The Meaningful History of Chinese Tea
Although tea originated in China, Chinese tea generally represents tea leaves which have been processed using methods inherited from ancient China. According to popular legend, tea was discovered by Chinese Emperor Shennong in 2737 BCE when a leaf from a Camellia sinensis tree fell into water the emperor was boiling. Tea is deeply woven into the history and culture of China. The beverage is considered one of the seven necessities of Chinese life, along with firewood, rice, oil, salt, soy sauce and vinegar.
Tea as a drink prospered during the Tang Dynasty, and tea shops became popular. Tea dates back to the Western Zhou Period of ancient China, when the Chinese used tea as a ritual offering. Since then, tea leaves have been eaten as a vegetable, used as medicine, and, from the time of the Han Dynasty, infused in boiling water, the new drink making tea into a major commodity. Production of tea became a state monopoly during the Tang Dynasty with the market strictly controlled and penalties imposed for illegal dealing in the commodity.A major event of this time was the completion of Tea Classics, the cornerstone of Chinese tea culture, by Lu Yu, Tea Sage of China. This little book details rules concerning various aspects of tea, such as growth areas for tea trees, wares and skills for processing tea, tea tasting, the history of Chinese tea and quotations from other records, comments on tea from various places, and notes on what occasions tea wares should be complete and when some wares could be omitted.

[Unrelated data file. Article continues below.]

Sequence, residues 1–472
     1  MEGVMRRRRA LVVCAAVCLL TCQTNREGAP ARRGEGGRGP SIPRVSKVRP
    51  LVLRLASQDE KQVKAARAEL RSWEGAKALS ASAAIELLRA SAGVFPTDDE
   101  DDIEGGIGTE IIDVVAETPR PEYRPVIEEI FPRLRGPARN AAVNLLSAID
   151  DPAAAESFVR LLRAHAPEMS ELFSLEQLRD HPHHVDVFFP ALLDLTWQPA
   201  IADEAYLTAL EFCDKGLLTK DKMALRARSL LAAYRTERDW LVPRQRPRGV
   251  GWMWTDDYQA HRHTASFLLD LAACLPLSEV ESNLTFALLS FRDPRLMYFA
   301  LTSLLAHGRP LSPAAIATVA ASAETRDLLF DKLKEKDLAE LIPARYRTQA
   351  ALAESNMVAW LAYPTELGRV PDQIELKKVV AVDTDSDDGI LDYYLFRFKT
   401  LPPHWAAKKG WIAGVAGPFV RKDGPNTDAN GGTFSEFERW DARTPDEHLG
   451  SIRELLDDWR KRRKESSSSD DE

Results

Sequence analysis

Tinted by the cultural style of the Song Dynasty, tea culture at this time was delicate and sumptuous. Tea was an important crop during the Song Dynasty. Tea farms covered 242 counties. This included expensive tribute tea; tea from Zhejiang and Fujian provinces, where some was exported to Southeast Asian and the Arab countries.
New skills created many different ways to enjoy tea. The Ming Dynasty laid the foundation for tea processing, tea types and drinking styles that we have inherited.In the Song Dynasty, tea started to be pressed into tea cake, some embossed with patterns of the dragon and the Phoenix and was called exotic names including:Large Dragon tea cake, Small Dragon tea cake, Surpass Snow Dragon ball cake, Fine Silver Sprout, Cloud Leaf, Gold Money, Jade Flower, Inch of Gold, Longevity Sprout, Eternal Spring Jade Leave, Dragon in the Clouds, Longevity Dragon Sprout, Dragon Phoenix and Flower, Eternal Spring Silver Sprout.
During the Qing Dynasty folk art entered tea shops, making them popular entertainment centers. This habit is still practiced in Chengdu, Sichuan Province.
During the Tang Dynasty, a Japanese monk brought tea seeds from Zhejiang Province to Japan. Later in the Southern Song Dynasty, Zen masters brought tea procedures and tea wares from China to Japan, promoting the initiation of the Japanese tea ceremony. In the Song Dynasty, Arabic merchants exported tea from Quanzhou, Fujian Province. In the Ming Dynasty, tea was sold to Southeast Asian and South African countries. In 1610 tea went to Europe via Macau in a Dutch merchant ship. Thus tea became an international drink.
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